Mathews' colorful debut novel examines the legacy of Irish political violence for a family in both the old country and New York during one busy week in 1939.
Francis Dempsey, who has been jailed for selling banned books and luxury items, gets a furlough from Dublin’s Mountjoy Jail for his father’s funeral. There, he is joined by his unhappy seminarian brother, Michael, and several old Irish Republican Army buddies of his father’s, who rig an escape for the brothers that involves an IRA bomb factory. There, an accidental explosion leaves Michael shellshocked and the brothers in possession of a Republican war chest. Francis uses the money to present himself as a Scottish lord and books passage for himself and his brother to New York on the RMS Britannic. His fake title leads Francis to a wealthy Manhattan girlfriend and a dangerous role in a New York mob boss’s plans. Michael's dazed state leads to a fascinating relationship with the restless ghost of the recently deceased William Butler Yeats. Meanwhile—and there’s a lot of meanwhile in this busy doorstop—a third Dempsey brother, Martin, who has been in New York for 10 years, is trying to get a jazz band together for his sister-in-law’s wedding reception and impress recording legend John Hammond. But the bride-to-be, who performs synchronized swimming as an AquaBelle at the World’s Fair, is having second thoughts about her nuptials after a night at the Plaza Hotel with Francis. Among the many splashes of New York atmosphere, the strongest are snapshots of the city’s prewar musical frenzy. Weaving through it all is an old IRA enforcer with a tragic tie to the Dempseys who found escape on an upstate New York farm until the mob boss forces him to find the war chest and Francis. Mathews’ debut shows impressive control of this narrative cornucopia, although his reliance on characters’ thoughts to propel the plot can be tiresome.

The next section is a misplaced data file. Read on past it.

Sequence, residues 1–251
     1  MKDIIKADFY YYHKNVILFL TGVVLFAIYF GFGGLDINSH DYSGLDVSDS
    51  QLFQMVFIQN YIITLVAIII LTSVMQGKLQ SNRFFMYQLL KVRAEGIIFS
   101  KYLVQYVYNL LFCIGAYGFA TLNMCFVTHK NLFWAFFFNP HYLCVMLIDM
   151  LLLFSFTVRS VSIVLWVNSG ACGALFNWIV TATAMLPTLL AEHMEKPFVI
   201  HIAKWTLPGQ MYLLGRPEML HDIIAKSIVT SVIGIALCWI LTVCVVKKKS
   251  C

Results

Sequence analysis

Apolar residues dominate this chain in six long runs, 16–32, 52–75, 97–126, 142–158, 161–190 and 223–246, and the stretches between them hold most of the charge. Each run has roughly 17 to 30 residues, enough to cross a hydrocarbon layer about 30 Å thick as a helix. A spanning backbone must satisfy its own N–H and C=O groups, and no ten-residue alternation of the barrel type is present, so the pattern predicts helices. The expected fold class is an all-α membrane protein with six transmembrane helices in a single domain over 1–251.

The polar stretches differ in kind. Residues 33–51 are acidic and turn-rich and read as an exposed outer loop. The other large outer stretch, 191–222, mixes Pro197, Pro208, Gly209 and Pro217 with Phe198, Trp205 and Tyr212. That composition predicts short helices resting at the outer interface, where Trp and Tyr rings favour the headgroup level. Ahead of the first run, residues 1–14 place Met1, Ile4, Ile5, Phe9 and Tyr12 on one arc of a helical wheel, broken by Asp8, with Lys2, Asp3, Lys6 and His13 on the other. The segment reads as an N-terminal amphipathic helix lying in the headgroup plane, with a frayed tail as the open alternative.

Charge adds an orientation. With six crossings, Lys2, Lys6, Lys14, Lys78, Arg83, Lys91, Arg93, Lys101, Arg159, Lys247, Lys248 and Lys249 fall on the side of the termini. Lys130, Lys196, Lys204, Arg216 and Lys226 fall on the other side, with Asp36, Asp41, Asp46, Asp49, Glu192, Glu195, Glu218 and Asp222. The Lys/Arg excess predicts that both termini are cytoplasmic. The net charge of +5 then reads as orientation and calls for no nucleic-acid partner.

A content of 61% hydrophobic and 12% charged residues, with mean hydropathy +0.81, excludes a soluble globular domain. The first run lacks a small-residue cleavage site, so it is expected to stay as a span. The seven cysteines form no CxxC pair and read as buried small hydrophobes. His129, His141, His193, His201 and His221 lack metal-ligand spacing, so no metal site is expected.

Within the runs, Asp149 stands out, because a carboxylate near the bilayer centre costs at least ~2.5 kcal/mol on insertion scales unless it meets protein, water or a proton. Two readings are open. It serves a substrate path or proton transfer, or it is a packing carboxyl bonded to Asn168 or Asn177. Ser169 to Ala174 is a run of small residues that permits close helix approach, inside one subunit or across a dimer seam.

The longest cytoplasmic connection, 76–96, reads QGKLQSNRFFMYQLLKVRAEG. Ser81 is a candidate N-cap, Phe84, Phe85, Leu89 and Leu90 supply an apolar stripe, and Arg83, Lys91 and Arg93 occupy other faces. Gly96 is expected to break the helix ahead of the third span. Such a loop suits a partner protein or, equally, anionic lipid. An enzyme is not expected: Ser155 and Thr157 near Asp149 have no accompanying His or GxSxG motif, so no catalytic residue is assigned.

It’s not Doctorow’s Ragtime, but there’s a similar feel in this impressive, wide-ranging debut.